Poetics of (Outer) Space, my sound installation in Perrott’s Folly, Edgbaston is reviewed in this months edition of The Wire magazine. Excerpt below from Mark Hancock’s review in The Wire 376 Deep Cover issue:
It seemed appropriate to visit Caroline Devine’s installation for Poetics of (Outer) Space on the day of the solar eclipse and spring equinox: a day loaded with mythology that draws us away from our logical, empirical classifications of everything in the universe and back to our primitive reactions to it. In the darkening of the late morning sky, it was just about possible to imagine our own moon and sun as objects we could scale down and hold in our hands with pinhole cameras and other improvised instruments.
So it is with Devine’s installation at Perrott’s Folly, commissioned by Ikon gallery. Devine has taken data from NASA’s Kepler missions to create individual compositions that occupy each floor of the 29 metre high tower, built in 1758. Each composition can be thought of as a subset of data, and a mapping of the range of frequencies and information gathered by the missions to a more manageable, human scale. The compositions from each star’s data are positioned according to their age, frequency range and the number of exoplanets they host, moving upwards through the tower, which could almost have been custom made for the installation.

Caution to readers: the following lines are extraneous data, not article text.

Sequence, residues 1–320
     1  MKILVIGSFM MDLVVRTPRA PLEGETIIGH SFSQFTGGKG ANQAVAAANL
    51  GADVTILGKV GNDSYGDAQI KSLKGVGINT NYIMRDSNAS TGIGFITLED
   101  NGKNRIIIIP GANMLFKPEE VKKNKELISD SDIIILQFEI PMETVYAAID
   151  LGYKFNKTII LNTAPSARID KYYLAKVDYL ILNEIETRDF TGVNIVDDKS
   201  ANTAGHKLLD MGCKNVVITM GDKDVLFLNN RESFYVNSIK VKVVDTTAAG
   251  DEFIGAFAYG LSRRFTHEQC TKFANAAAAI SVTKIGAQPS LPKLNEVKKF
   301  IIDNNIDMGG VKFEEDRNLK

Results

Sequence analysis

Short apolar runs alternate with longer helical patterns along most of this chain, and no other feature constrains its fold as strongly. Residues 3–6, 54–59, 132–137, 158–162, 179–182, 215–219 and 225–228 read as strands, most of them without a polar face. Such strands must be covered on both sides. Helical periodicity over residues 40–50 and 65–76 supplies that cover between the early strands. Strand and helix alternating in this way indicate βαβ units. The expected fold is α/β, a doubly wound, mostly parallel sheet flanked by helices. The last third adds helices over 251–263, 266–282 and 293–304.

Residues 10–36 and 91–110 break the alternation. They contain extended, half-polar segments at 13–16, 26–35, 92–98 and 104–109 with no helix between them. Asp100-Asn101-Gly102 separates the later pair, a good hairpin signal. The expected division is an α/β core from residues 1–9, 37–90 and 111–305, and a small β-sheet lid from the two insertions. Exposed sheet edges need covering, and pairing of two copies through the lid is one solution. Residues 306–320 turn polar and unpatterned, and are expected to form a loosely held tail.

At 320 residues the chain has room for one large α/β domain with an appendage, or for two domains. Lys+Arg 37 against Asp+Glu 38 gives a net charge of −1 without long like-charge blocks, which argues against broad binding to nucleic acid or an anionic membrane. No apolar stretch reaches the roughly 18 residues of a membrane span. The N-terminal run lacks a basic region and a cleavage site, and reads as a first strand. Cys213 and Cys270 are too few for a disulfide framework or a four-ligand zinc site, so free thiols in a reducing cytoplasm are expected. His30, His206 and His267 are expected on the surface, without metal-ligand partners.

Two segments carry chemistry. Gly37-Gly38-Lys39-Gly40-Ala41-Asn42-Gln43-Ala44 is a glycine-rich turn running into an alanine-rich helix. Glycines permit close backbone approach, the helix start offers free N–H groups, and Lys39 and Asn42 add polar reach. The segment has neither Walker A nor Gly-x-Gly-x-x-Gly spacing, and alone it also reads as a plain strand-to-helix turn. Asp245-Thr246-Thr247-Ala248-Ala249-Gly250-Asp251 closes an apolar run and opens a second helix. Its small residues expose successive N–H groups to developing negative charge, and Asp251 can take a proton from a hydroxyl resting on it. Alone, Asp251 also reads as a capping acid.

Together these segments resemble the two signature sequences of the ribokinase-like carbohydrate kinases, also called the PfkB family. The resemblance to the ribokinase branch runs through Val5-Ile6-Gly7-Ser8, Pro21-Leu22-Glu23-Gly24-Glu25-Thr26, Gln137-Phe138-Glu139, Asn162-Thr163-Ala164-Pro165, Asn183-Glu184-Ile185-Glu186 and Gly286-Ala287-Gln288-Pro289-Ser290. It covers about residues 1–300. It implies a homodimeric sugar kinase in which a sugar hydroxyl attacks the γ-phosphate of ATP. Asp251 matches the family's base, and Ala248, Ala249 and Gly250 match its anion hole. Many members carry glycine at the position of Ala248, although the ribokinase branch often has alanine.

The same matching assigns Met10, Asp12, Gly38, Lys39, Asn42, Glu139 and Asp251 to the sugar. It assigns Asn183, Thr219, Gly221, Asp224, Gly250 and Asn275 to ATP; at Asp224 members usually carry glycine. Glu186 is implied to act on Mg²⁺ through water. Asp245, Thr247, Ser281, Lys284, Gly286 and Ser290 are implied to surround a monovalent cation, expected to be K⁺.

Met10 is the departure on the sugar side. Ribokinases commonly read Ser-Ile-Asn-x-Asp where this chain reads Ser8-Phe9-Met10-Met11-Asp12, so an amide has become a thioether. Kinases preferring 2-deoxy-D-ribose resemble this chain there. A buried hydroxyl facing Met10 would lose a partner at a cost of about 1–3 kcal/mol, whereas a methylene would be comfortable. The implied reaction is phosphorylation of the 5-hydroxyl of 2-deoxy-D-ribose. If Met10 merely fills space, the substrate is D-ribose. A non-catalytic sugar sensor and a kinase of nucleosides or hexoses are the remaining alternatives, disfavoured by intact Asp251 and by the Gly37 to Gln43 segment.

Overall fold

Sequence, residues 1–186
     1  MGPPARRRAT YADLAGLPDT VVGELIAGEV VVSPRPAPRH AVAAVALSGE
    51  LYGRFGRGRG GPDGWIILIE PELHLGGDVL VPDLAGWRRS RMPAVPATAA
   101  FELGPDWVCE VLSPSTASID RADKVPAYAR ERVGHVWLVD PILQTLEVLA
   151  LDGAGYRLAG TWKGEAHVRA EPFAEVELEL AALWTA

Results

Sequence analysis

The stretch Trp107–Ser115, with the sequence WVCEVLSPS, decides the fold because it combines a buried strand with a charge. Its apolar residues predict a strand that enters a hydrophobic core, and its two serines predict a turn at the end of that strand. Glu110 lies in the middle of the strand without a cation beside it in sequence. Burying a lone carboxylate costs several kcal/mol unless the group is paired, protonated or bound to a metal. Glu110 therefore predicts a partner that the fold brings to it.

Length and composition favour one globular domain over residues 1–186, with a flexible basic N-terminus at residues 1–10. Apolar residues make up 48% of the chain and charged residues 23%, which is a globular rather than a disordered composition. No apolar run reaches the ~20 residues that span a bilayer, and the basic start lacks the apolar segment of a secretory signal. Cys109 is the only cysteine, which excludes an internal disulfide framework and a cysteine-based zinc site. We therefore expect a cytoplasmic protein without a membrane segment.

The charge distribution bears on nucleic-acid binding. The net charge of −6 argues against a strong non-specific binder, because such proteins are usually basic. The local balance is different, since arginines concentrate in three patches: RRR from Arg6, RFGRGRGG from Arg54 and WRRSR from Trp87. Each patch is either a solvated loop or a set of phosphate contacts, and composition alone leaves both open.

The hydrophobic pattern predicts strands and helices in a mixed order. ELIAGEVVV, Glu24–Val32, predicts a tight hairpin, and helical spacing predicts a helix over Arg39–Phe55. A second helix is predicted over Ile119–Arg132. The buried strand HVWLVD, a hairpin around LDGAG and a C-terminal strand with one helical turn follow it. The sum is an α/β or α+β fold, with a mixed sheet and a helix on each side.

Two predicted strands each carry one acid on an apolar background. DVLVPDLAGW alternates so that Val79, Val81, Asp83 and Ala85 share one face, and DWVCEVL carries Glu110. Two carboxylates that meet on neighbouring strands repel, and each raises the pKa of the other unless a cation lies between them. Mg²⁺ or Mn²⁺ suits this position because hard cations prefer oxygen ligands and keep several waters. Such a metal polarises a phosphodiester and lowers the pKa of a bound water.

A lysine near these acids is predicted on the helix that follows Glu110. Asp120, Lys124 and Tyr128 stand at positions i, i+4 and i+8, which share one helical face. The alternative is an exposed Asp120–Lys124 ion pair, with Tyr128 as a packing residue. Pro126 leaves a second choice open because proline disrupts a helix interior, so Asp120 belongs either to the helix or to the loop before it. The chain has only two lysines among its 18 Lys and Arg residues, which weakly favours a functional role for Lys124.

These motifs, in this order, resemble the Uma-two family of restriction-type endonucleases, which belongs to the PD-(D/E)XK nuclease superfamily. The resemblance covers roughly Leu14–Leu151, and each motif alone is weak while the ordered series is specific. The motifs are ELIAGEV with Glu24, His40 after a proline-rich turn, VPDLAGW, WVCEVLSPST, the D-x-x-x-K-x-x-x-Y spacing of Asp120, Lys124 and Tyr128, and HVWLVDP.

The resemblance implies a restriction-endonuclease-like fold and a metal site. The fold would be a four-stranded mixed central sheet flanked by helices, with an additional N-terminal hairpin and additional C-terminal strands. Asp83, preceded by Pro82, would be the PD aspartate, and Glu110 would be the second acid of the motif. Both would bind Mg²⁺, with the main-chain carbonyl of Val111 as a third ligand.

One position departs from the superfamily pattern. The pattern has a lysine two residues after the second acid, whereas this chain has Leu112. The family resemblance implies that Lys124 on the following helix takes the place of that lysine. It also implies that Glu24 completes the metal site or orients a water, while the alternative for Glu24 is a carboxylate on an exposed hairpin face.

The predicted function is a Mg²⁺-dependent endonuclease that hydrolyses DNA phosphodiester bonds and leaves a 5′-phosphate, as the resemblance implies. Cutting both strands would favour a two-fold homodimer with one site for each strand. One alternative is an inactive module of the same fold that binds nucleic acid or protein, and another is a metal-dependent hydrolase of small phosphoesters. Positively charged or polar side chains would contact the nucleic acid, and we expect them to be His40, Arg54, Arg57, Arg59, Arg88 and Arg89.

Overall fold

…As you ascend through the building, you’re also moving light years through the universe, outwards towards the different solar systems with their exoplanets and changing resonances. Just as musical instruments resonate with frequencies, so can the stars and planets, and it is this resonance that Devine has scaled for the human ear.
…The creation of the compositions and installation within Perrott’s Folly (and the effort required to climb the stairs) feels like a more satisfying response to the glut of data visualisation installations that have sprung up over the past few years. Poetics of (Outer) Space reminds you that it’s still possible to factor in human imagination and physical presence to our understanding of the universe, something that’s missing from so many other big data projects.
Mark Hancock, The Wire